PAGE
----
But I'm not financially independent. As I've mentioned before, I can only afford to make games now because my wife is employed, and because I somehow got a game on Steam and the Indie Royale bundle. Without these two publisher-like companies, my income would have been pretty close to zero. And I'll need some of my future games to sell to keep me going - am I significantly less dependent on popular opinion and market forces because I'm trying to interpret them myself rather than being forced into a publisher's interpretation?

I depend on others emotionally. I'm fairly isolated right now (living somewhere remote from friends for my wife's work), so I rely a lot on twitter and online chat for social contact. I really don't know where I'd be without some of the people I talk to regularly online. I'm nourished by people discussing my work; whenever a flurry of VESPER.5 tweets crops up it really encourages me to keep going, to work hard and make more things.

I depend on others for help making things. Games need testing, and though I often reject suggestions because they don't fit what I want to do, sometimes taking into account feedback from others makes things vastly better in ways that I could not have thought of myself. And technical problems come up that I have no idea how to solve by myself (particularly when they're on a Mac).

I depend on structures that are in place to support me - the internet, the stores I sell games through, the hardware and operating systems they run on, the libraries I use, the journalists that can write about my games to let others know about them. When I make a game that requires an obscure controller I'm relying on the manufacturers and distributors to ensure people can have access to it. And various utilities - supplying electricity and water to my home, and nourishment to my nearest supermarket. I would not have any hope of doing what I try to do if the rest of the billions of people on Earth did not cooperate to keep the world around me working in a particular way, so it feels somewhat absurd to call myself "independent" just because I don't have a particular kind of relationship with a specific kind of corporation.

Thank you, everyone. And please don't destroy this world we all depend on; we don't have another.

Saturday, 13 October 2012


Released a new game: O, two players only, for iPad, get it on appstore. It's half price for a week, and so is Glitch Tank.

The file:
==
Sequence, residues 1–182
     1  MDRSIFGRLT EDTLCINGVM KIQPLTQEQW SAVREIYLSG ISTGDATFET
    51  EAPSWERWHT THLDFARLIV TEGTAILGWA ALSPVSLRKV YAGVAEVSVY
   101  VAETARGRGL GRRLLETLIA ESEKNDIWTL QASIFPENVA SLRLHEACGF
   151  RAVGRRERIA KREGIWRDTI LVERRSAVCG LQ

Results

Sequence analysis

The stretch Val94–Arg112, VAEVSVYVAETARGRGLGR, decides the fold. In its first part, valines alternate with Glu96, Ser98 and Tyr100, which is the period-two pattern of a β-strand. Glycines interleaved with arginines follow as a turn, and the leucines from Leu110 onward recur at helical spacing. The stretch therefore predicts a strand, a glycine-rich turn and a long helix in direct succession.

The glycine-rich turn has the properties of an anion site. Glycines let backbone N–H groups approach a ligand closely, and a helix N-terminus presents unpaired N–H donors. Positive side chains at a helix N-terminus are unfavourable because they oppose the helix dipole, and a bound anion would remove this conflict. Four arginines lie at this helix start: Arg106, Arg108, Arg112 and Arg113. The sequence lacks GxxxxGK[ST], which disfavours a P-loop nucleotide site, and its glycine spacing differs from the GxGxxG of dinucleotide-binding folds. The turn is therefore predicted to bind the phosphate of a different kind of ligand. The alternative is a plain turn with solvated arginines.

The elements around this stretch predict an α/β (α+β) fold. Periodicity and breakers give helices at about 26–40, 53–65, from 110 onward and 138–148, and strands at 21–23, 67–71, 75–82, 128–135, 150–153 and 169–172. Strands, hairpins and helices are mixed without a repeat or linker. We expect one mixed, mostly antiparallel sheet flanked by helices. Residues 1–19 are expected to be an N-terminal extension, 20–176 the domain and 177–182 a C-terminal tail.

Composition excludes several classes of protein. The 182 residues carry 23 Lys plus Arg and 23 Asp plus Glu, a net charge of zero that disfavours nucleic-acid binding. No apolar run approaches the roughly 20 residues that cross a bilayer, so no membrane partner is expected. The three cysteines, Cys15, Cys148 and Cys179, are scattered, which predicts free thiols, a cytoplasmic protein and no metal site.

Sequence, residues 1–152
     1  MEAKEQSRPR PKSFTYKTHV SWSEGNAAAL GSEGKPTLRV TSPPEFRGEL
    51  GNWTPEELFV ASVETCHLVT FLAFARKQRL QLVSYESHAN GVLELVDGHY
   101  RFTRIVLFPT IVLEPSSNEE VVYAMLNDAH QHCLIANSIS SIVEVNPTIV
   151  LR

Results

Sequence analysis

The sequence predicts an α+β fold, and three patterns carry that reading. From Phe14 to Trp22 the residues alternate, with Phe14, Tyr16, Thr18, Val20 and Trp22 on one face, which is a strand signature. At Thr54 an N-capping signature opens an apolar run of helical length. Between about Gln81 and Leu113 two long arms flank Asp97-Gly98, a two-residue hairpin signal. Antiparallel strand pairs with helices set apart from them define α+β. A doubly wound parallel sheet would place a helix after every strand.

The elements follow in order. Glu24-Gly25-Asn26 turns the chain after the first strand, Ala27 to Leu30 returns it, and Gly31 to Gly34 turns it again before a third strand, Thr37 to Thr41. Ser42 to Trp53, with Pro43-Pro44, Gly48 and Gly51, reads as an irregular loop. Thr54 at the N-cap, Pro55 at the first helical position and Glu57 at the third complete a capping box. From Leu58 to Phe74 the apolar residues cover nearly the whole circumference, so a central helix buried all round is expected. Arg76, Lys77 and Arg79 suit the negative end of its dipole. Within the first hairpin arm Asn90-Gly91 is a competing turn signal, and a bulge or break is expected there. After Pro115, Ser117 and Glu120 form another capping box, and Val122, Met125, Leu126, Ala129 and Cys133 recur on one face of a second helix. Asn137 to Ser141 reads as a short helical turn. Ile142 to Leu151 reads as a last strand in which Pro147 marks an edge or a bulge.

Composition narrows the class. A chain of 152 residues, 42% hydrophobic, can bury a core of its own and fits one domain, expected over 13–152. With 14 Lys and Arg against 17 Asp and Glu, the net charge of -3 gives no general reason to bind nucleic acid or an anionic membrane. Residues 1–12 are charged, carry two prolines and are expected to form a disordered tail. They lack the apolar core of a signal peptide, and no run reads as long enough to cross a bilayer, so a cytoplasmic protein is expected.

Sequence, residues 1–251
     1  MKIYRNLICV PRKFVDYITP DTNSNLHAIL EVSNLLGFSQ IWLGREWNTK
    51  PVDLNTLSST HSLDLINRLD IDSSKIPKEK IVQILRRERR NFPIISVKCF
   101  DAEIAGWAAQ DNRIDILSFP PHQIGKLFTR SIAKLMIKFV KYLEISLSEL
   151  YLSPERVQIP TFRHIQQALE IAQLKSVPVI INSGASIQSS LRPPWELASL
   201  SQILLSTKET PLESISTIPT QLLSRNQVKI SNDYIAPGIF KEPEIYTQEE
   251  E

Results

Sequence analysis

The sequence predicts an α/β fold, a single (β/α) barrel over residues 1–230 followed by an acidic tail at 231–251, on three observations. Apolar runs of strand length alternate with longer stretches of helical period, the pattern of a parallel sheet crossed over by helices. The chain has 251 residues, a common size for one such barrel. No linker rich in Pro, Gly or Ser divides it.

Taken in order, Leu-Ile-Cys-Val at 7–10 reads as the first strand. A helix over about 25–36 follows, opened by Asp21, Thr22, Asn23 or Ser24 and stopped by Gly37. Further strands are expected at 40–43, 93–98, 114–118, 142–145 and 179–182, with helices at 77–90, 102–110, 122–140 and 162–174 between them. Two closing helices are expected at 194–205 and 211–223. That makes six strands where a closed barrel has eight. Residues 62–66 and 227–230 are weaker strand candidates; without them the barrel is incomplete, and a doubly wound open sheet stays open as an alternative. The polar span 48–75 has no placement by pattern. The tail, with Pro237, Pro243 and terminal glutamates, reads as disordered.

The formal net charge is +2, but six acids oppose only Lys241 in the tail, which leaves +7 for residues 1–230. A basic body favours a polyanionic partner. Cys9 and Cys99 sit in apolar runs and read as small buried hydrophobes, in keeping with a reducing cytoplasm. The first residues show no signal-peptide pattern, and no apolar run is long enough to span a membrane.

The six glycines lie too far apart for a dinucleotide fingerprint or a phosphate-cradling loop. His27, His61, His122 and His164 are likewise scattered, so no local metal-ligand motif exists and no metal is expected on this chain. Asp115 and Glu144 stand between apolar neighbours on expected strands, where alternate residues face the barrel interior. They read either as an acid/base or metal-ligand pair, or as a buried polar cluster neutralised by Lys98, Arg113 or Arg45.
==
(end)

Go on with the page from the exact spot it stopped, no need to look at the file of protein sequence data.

It's very natural when creating a videogame for more than one player to clearly separate their inputs. In games like Shot Shot Shoot and Glitch Tank, even though players use the same input device, there's a clear delineation of zones - here's my side of the screen, here's yours, and a DMZ between where neither one of us touches. Within the simulation we have a defined formal interaction, and we refrain from coming into contact outside of it.

There are exceptions to this. A Bastard makes the keyboard a shared input space, randomly remapping keys after every move, sometimes coinciding with your opponent's keys (George is working on a touchscreen version too - keep an eye out for it). Centrifeud mostly keeps to clearly separated input zones, but the occasional cry of "touch yourself" directs players to reach into the shared central playing field. Greedy Bankers has two players grabbing gems from each other's side of the touchscreen. Bloop has separate input zones for each player, but they're intermingled across the screen making it difficult not to collide.

When inputs overlap like this, it invites players to interfere with each other physically. But there's no reason why we cannot interact physically in any game. David Hayward has told me that sometimes when he plays Glitch Tank, if his opponent is hesitating over an action, he will bump the ipad up into their finger to hurry them along. You could also just reach over and press one of your opponent's buttons, or physically restrain them so that they can't interact with the game at all. The purest form of this is Chicanery, in which there's no way to win other than physically removing your opponent's fingers from the controls by any means possible. This would be an optimal strategy for any competitive game, if we allowed ourselves to use it.